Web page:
In any case, Qatar required an exorbitant number of people to be imported lest they hadn’t enough available workers. Moreover, for those unaware of the Qatar legal code, this influx of immigrant workers created waves in population within the state of Qatar. Until 2020, when you were given a work visa in Qatar, it only garnered you your initial employment. Thereafter, your employment and your choice of leaving are dependent upon the kafala system.

Again, you read that right: you couldn’t quit and get a different job of your own volition until 2020. Thus, at the beginning of the immigrant influx in 2010 until 2020, there was a burgeoning slave class within the state of Qatar. Furthermore, there were no laws legislating a minimum wage for immigrant workers in Qatar until 2021. It appears, then, that the 2022 World Cup has been directly subsidized by slave labour.

To make matters worse, the safety record for immigrant workers who were hired to build the nine stadiums required for the games is egregious. Since 2010, it is estimated that over 6,500 people from India, Bangladesh, Nepal, Sri Lanka, and Pakistan have perished on site. It is reported that 70 per cent of these deaths were the result of “natural causes,” which is odd considering the rigor of the medical examinations that the Qatari government requires of its immigrant workers. How could it be that 70 per cent of deaths were the result of natural causes when these workers had to receive a clean bill of health to enter the country? One answer is that autopsies to prove otherwise were never properly performed.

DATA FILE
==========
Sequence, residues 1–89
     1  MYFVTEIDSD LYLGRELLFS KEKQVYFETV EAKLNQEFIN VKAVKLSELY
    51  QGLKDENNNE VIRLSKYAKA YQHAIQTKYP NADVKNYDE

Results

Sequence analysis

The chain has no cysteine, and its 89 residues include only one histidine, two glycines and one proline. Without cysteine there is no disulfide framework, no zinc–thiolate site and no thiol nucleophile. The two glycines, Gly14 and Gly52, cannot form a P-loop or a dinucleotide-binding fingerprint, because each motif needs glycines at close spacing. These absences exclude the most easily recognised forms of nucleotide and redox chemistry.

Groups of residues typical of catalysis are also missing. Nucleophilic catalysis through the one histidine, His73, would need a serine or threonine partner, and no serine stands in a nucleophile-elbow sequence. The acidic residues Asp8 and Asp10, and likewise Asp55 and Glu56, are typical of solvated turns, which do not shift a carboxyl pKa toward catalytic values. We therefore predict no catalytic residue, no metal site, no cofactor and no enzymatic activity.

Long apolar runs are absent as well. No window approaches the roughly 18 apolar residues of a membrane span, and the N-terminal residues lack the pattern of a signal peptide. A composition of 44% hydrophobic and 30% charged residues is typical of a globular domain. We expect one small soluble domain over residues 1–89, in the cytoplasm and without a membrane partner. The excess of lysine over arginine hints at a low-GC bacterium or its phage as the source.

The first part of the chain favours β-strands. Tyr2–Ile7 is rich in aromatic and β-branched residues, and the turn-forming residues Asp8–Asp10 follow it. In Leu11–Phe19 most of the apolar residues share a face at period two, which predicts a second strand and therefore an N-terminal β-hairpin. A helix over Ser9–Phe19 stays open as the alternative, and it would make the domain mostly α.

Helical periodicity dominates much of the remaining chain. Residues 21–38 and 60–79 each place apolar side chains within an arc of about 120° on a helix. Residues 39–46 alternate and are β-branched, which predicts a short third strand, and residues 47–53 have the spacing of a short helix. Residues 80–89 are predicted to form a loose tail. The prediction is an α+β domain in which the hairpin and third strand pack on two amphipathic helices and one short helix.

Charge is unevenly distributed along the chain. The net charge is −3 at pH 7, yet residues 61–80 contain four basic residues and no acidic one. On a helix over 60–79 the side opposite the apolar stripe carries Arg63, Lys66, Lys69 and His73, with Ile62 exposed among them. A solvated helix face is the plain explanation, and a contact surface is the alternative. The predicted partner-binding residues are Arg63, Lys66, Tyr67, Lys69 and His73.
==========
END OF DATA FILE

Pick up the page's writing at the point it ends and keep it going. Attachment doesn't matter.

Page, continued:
Obviously, the government of Qatar has gone to great lengths to dispute these facts, claiming that only 37 deaths have occurred during the construction of the stadiums. However, a comparison of the statistics regarding mortality in Qatar indicate a different picture. In 2020, only 10 per cent of deaths occurred in Qataris aged 20-40, whereas 25 per cent of deaths occurred in immigrants aged 20-40. It cannot be that Qataris are more naturally attuned to the environment and the immigrants that arrive are merely succumbing to the heat and dry atmosphere. They have been put into exceedingly dangerous working conditions that have resulted in countless, and very much preventable, deaths.

Another statistic: 32 teams will play in the 2022 World Cup in Qatar, each team’s roster containing 26 players. That is 832 players competing in this year’s games, and a total of nearly eight times that amount of people died so that they may kick a patched ball on pristine turf. This is not to hector those of you that will watch the games and cheer with great zeal for your chosen team; this is to bring to light the lengths to which humans will go for economic gain. That all of this occurred in the 21st century does little to affirm everyone’s favourite teleological narrative: the world will become a better place as more money and more democracy are furiously injected into the veins of every society.